“Anyone who talks about California hedonism has never spent a Christmas in Sacramento.”
Lady Bird has come out of nowhere and captured the hearts of audiences and critics everywhere. Drawing from her own high school years, writer/director Greta Gerwig brings the world an honest, funny portrayal of a teenage girls’ chaotic journey of self-discovery. With a tremendous cast, realistic dialogue and believable scenarios, Lady Bird deserves to join John Hughes movies and Mean Girls as some of the best teen movies of all time.
Set in 2002, Lady Bird centres on the senior year of rebellious teen Christine “Lady Bird” McPherson. Lady Bird longs to escape Sacramento, California to more cultured surroundings. But for now, she has no choice but to endure one more year of catholic school. During that time, she’ll have to kill time with her friend Julie (Beanie Feldstein) while choosing between easy going actor Danny (Lucas Hedges, Three Billboards Outside Ebbing, Missouri) and intellectual musician Kyle (Timothee Chalamet, Call Me by Your Name).
Meanwhile, her family life has its own problems. The family is strapped for cash after Lady Bird’s father Larry (Tracy Letts) was laid off, forcing long suffering mother Marion (Laurie Metcalf) is to provide for the whole family. That is when she and Lady Bird aren’t at each other’s throats, which is always.
And that’s it. It’s just Lady Bird, her friends and her family going through their daily lives before Lady Bird graduates. The film is not so much a plot as it is a series of segments. But in those segments are moments many can recognize from their teen years. Many remember pasting magazine photos on their walls. Many remember their friends sneaking into the house in the middle of the night for a snack. What we forget is in those moments, we are discovering our selves and what we truly want out of life. Of course, it involves impulsively joining activities, then quitting when you lose interest. But it’s here where you learn what your true interests are.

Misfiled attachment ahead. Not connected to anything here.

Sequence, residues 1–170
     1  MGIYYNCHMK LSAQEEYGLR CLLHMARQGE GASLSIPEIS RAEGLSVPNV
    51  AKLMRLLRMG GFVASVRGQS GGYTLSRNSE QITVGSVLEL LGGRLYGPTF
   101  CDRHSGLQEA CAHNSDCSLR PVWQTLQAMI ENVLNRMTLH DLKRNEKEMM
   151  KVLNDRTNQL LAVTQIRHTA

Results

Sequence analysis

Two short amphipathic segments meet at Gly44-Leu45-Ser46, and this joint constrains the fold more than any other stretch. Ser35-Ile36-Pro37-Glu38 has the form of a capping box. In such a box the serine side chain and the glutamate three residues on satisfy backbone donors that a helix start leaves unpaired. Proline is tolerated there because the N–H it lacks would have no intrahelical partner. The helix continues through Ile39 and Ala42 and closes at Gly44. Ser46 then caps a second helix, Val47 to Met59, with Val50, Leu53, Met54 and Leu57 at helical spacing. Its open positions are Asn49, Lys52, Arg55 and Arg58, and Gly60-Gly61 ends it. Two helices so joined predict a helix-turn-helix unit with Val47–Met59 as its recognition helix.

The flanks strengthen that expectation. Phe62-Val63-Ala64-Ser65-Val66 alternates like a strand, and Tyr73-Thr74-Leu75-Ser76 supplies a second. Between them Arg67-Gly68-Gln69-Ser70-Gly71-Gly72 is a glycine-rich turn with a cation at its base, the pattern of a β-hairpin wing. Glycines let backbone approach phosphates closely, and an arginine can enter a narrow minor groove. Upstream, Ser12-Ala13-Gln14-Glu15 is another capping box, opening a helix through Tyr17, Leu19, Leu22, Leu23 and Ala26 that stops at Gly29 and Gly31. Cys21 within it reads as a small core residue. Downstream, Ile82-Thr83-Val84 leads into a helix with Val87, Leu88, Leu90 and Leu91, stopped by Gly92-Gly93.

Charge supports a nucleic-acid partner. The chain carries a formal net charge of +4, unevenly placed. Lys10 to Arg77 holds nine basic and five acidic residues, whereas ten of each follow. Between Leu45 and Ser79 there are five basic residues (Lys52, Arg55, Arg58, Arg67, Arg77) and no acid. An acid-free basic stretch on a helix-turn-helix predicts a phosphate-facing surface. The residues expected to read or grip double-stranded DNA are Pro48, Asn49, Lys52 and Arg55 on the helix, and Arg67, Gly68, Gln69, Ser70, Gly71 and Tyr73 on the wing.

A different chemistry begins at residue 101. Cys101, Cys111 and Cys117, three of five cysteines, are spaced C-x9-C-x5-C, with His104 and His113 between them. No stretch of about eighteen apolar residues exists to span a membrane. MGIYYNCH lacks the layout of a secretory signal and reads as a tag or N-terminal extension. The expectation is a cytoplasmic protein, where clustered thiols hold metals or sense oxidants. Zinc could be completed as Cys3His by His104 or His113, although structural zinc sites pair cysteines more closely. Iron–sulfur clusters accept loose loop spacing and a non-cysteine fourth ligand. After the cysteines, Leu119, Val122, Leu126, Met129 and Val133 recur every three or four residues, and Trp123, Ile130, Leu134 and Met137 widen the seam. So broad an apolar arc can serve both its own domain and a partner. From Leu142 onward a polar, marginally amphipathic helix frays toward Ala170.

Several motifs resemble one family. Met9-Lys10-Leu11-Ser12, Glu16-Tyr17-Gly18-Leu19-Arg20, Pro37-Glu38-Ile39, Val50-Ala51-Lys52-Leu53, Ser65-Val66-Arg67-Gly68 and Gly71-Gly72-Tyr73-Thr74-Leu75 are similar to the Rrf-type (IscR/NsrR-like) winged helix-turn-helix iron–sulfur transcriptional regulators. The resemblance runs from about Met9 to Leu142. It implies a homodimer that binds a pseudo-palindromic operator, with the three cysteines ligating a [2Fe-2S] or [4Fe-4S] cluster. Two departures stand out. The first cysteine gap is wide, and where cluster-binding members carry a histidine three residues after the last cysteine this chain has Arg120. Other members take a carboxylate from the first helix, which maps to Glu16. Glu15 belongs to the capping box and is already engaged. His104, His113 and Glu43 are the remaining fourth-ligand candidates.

At the core of the film is Lady Bird’s testy relationship with her mother. From the opening argument, we are introduced to one of the most accurate depictions of a mother-teen daughter relationship ever put to film. They start off enjoying an activity, like listening to an audiobook of Grapes of Wrath. Then a single sentence will set off a verbal battlefield between the two. It all ends with Lady Bird jumping out of the moving car. Ok, the last part almost never happens, but Gerwig does perfectly capture the minefield that is their conversations. Lady Bird wants her independence respected but feels smothered by her overbearing mother. The overworked Marion wishes Lady Bird would steer herself in the right direction. Through the anger hides the love between. Lady Bird may be inconsiderate, but she doesn’t want to her mother. Marion may smother her daughter, but that’s because she cares a lot about her daughter. But these two have learned to hurt each other.
On top of all that, this movie is very funny. There are so many funny moments I don’t know where to begin. There’s Lady Bird’s interactions with the snarky Sister Sarah Joan (Lois Smith). There’s Lady Bird snarking about Julie’s mother’s breast implants (Julie: “She made one bad decision at 19!” Lady Bird: “Two bad decisions!”). My favourite is when a coach tries to direct “The Tempest” like it’s a football game.
I imagine that within 5 years, Lady Bird will join Mean Girls, Ferris Bueller’s Day Off and Fast Times at Ridgemont High as must-see movies for high school students. Through quotable dialogue, memorable characters and well-crafted storytelling, these films capture both the fantastic dreams and awkward realities of teen life. Being literally one of the highest rated films of all time, Lady Bird is sure to gain the attention it deserves.